David Abrams served in the U. S. Army for twenty years and was deployed to Iraq in 2005 where he worked as a member of a public affairs team. The book jacket of his new novel, Fobbit (Black Cat/Grove Atlantic, 384 pp., $15, paper), does not tell us if he was an officer or a sergeant. If I had to guess, I’d say he was a sergeant and did a job similar to that of his main character, SSB Chance Gooding, Jr., but I could be wrong. Maybe he was one of the Lieutenant Colonels he lampoons in the book.
What is the meaning of the title? We are told on the attractive front jacket (done up in red, white and blue) that a Fobbit is “A U. S. Army employee stationed at a Forward Operating Base esp. during Operation Iraqi Freedom (2003-2011). Pejorative.” In my dirty little war, the one in Southeast Asia, such a soldier was called a REMF, or so I am told. I never heard the term while I was in Vietnam. The term “REMF” and the Vietnam War are mentioned a few times in the novel—and to good effect.
Fobbit is a black comedy, in many ways an homage to Catch-22 , Joseph Heller’s blackly comic World War II novel, which is name-checked at least twice in this novel. Fobbit is a well-written, beautifully designed narrative which held my attention throughout. It also made me care for the characters, even the totally hapless ones, such as CPT Abe Shrinkle, whom the reader can tell is not going to do well in Iraq, and would be unlikely to do well anywhere else on the planet.
The names of this novel’s characters—Gooding, Shrinkle, Duret, Harkleroad, Lumley, Blodgett, Fledger, Carnicle, Zipperer—are more than a nod to Charles Dickens and to Joseph Heller, and continue a comic-novel tradition of dwelling on funny names. Of course, people do have funny names in war zones.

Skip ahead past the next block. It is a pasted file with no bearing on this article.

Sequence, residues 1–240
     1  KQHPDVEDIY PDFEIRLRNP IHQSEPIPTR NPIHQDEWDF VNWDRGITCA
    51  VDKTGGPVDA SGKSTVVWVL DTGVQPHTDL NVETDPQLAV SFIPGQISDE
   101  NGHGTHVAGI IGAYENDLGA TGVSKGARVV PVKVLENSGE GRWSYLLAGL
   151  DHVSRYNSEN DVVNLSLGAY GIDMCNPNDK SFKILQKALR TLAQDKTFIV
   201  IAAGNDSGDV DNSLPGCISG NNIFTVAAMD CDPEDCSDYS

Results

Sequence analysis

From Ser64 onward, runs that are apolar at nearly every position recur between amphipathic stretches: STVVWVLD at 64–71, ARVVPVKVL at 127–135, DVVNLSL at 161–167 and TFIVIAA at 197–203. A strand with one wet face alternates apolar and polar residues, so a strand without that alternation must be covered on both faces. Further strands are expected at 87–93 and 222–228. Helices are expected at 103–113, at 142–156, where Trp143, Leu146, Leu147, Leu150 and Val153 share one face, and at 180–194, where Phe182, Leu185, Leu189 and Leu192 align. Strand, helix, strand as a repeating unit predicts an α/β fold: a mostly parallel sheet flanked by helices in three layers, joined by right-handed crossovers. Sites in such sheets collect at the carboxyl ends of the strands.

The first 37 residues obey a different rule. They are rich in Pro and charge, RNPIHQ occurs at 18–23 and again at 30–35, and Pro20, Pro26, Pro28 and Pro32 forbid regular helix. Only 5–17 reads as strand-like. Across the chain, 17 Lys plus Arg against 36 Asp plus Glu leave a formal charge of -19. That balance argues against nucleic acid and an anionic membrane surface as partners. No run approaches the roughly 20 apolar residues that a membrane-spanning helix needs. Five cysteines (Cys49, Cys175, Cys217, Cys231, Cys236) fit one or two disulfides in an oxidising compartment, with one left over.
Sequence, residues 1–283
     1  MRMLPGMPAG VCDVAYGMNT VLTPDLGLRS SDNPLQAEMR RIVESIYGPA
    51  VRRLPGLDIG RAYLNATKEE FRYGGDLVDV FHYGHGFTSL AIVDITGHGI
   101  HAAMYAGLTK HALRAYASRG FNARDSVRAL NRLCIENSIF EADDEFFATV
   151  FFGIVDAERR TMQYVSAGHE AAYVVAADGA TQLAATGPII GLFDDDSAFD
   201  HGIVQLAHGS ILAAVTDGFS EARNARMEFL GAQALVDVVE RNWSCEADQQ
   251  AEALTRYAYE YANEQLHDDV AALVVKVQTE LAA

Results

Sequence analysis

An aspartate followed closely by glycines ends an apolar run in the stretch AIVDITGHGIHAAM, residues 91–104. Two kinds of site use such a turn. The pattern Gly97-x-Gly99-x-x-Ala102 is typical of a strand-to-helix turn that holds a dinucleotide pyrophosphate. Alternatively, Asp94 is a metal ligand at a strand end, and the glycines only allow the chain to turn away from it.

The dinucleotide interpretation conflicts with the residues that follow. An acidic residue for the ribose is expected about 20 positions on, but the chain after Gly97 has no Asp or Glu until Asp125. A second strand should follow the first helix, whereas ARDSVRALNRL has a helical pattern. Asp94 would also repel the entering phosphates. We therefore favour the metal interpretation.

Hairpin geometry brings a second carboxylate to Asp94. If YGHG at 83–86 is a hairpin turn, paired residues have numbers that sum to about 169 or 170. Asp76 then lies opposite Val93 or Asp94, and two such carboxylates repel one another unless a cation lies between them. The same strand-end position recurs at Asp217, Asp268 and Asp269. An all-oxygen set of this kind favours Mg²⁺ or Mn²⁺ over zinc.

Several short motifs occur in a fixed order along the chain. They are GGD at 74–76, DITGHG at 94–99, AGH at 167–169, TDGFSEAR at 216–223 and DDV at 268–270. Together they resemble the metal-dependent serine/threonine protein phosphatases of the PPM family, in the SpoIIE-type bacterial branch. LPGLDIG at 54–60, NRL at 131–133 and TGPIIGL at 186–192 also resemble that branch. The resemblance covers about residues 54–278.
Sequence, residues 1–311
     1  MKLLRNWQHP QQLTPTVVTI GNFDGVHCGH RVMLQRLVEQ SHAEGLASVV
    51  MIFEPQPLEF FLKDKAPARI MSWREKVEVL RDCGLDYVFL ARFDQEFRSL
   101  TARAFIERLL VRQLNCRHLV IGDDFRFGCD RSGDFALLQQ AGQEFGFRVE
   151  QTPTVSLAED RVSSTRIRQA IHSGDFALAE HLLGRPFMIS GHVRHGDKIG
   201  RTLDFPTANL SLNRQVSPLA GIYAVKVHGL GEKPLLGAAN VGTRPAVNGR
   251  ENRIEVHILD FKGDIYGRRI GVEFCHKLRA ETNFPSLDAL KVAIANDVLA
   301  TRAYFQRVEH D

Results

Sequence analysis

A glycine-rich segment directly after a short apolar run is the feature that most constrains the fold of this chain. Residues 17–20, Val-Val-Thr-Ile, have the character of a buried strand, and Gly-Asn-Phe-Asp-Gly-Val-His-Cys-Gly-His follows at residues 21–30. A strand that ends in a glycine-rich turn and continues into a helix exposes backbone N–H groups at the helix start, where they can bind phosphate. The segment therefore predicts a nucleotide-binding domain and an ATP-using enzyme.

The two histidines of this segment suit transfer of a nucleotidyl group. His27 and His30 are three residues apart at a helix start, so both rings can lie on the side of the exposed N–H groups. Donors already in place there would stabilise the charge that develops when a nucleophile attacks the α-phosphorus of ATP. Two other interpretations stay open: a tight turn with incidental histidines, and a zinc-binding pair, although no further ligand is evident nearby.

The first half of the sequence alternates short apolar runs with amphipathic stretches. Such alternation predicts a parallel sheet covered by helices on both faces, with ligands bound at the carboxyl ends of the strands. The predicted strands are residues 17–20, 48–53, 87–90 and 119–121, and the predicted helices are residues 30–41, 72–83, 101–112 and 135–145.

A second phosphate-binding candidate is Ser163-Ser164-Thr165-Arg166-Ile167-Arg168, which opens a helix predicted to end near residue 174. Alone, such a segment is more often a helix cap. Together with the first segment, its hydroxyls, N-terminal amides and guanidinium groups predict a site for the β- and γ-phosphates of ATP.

One of the least favorite colonels I worked with in Vietnam was named Winterbottom. He was always referred to as
“Colonel Coldass” out of the range of his impaired hearing.
The pith of this fine comic novel is summarized by the author on page two. I can do no better for a prospective reader than to paraphrase those few lines here.
SSG Gooding worked in the PAO (Public Affairs Office) of the 7th Armored Division, which had its headquarters in one of the many marble palaces of the recently departed dictator Saddam Hussein. Gooding’s days were devoted to shuffling through Significant Activities reports and then producing press releases that transformed the reports into something the American public could be comfortable reading at breakfast over their waffles and eggs.
When a soldier stepped on an IED and his guts ended up hanging in a nearby tree, this event was sugar-coated into the soldier making the ultimate sacrifice to build a democracy in Iraq. Gooding spent his days in an air-conditioned cubicle in front of a computer while doing this vital task, as well as dealing with various oddly named officers and enlisted men.
It is obvious on every page that Abrams knows what he is writing about and has paid his dues in such an Army environment. I spent thirteen months in a similar environment in the U. S. Army thirty-eight years earlier, and I marveled at how much Gooding’s war resembled my ancient war.
As Karl Marlantes, author of the Vietnam War novel Matterhorn says in his blurb on the back cover, Fobbit manages to be both hilarious and deadly serious at the same time. That is a tribute to the humanity and the talent of David Abrams.
The author’s website is http://www.davidabramsbooks.com/works